Network on Your own Terms
I’m a so-so networker and truthfully, that’s progress for me. Never one to feel comfortable talking to people I don’t know, crowded noisy networking events— fuhgeddaboudit. It took starting my coaching practice and working with college students who needed help to get over their fears about networking to get me to face my own.
Like thousands of Chicagoans, every day I crossed the intersection at Chicago and Michigan Avenues on my way to work. Most days I chatted up and dropped coins into the tin cup of the not-so-pleasant guy who worked that corner. I carried this image in my head about networking. Neither healthy nor helpful.
This probably isn’t your image, but my guess is you think of networking akin to begging, and only do when you need something like a job. Networking only when you “have to” which is the way I used to think about it, is forced and stressful.
To shake that image, I thought about the essence of my marketing career, which was developing relationships with clients. Those relationships where built by understanding who they were as people, what they needed and wanted and how I could help them achieve their goals. I was an effective client service lead because I focused more on what I could do for others rather than on what they could do for me. I spoke with clients several times a day, met with them sometimes for days at a time. We had meals together. Building those important relationships didn’t happen overnight.
New thinking: Networking is not episodic. A better practice is to network when you don’t need anything in particular.
My aversion to networking was based on my fear of not coming across as smart, that others were judging me. The running dialogue in my head went something like this: I need to show how smart I am, but what if I’m not, what will they think of me, they will never want to help me if I’m not smart. I felt self-conscious and uncomfortable, and because I networked with this mindset, my attempts were unproductive confirming my belief that networking doesn’t work. Of course, that’s not true. Networking works. I observed friends and colleagues who had terrific results from their networking efforts. What were they doing that I wasn’t?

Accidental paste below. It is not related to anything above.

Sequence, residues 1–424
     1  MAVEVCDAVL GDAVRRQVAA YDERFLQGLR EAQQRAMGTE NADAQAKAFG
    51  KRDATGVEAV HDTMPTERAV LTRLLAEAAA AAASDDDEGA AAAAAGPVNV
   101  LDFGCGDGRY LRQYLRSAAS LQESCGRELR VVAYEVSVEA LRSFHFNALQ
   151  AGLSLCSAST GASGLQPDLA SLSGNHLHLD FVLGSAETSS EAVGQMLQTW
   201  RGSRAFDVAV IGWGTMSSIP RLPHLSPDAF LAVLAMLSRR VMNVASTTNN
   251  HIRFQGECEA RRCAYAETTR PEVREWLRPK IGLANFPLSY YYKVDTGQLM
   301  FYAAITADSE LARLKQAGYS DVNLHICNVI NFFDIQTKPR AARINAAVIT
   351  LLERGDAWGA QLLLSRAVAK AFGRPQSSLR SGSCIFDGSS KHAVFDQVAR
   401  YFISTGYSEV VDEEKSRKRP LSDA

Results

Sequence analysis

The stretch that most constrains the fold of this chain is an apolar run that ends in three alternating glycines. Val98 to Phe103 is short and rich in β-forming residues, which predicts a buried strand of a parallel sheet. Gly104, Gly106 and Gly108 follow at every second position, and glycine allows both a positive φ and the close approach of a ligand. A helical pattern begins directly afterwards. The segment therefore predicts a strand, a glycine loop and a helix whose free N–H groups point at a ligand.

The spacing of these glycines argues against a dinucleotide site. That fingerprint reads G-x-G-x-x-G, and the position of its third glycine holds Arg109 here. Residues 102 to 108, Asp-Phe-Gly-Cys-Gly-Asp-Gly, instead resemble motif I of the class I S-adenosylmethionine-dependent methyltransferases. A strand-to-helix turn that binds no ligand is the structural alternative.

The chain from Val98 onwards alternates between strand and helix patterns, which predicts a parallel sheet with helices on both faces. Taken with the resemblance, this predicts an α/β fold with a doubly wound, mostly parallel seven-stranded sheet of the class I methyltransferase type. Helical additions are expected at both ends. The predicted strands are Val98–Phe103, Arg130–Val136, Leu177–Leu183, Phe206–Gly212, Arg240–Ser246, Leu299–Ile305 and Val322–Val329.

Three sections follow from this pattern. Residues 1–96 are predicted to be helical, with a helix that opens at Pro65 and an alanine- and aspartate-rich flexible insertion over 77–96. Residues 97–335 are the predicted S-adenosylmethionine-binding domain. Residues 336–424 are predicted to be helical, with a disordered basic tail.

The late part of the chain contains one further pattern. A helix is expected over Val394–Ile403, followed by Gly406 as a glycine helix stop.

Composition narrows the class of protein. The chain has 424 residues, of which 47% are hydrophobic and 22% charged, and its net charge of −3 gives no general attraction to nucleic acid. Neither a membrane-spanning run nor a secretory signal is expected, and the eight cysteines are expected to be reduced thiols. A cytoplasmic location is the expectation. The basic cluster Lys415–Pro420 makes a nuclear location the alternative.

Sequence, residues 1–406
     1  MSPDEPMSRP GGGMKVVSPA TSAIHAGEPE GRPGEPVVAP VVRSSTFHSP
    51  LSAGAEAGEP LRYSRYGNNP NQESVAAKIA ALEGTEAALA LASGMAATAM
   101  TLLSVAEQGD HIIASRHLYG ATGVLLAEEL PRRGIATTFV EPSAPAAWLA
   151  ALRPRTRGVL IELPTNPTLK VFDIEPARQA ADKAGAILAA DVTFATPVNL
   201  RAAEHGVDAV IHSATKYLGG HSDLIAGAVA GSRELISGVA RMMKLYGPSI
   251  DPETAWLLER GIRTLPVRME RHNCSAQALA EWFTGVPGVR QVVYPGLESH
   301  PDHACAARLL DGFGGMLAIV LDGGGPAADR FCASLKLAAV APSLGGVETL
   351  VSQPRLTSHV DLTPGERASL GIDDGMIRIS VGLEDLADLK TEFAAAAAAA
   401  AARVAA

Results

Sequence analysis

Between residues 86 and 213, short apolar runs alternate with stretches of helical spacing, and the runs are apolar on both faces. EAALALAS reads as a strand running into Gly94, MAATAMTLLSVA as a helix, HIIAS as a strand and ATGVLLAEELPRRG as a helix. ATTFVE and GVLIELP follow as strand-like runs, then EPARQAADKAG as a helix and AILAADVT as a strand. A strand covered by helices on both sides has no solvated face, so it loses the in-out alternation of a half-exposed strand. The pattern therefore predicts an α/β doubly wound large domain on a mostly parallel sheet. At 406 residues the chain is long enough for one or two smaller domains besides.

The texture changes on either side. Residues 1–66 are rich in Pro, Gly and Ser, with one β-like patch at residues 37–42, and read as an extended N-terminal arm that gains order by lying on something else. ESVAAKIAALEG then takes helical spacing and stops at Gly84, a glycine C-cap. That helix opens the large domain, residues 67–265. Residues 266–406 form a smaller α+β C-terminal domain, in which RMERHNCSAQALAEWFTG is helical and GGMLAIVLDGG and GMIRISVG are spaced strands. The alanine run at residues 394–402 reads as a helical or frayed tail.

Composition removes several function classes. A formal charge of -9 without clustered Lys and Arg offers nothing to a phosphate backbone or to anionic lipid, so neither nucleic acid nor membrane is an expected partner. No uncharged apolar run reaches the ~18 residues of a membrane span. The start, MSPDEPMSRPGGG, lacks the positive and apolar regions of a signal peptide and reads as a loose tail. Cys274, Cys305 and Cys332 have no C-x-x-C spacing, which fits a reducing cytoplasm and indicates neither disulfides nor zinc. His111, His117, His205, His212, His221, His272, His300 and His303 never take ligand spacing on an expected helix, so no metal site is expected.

It wasn’t what my friends were doing or where they were doing it. It was their mindset—how they thought about networking that was so different from how I thought about it.
New mindset: Network with a desire to learn or as a wise person told me, be interested not interesting. Ask questions and then listen, really listen.
I got it. I needed to stop thinking I was being judged on how smart I was or how accomplished or what my title was etc. Yet, I knew that me in crowd with potential connections who could be helpful professionally was not the best scenario for me. I typically would walk away from industry conferences or the traditional networking event saying I will never ever do that again.
It’s not the fault of the conference or event or the attendees. I absolutely recognize the important of these types of events. I came to the realization that I’ve always hated socializing in crowds and noisy environments. I struggle to hear conversations and need to scream to be heard. I find it overwhelming — and that means I’m not at my best when connecting. I was making networking more stressful than it has to be.
Again, I thought about how I developed the relationships with clients and how many of them have become forever friends. My strength is talking and listening in one-on-one situations where I can ask probing questions, allow people to think more deeply about their responses and I can build on their ideas. I’ve also learned I’m at my best when I can determine (control) the networking setting. For me that means I say yes to small gatherings and no to noisy crowded events. No longer, despite what “experts” says, do I force myself into a networking situation that is not right for me. I don’t need a conference buddy, I don’t need to prepare questions and I don’t want to challenge myself to walk out with four business cards. If the environment doesn’t leverage your strengths, your fears take over.
Networking on your own terms: There isn’t one right way to network. Your strengths determine how you network best.
This is me. Networking is still somewhat of a chore and I suppose it always will be. I’m grateful for the network I’ve been able to create and pleased with myself when I add to that network because I know what it took to get past a fear.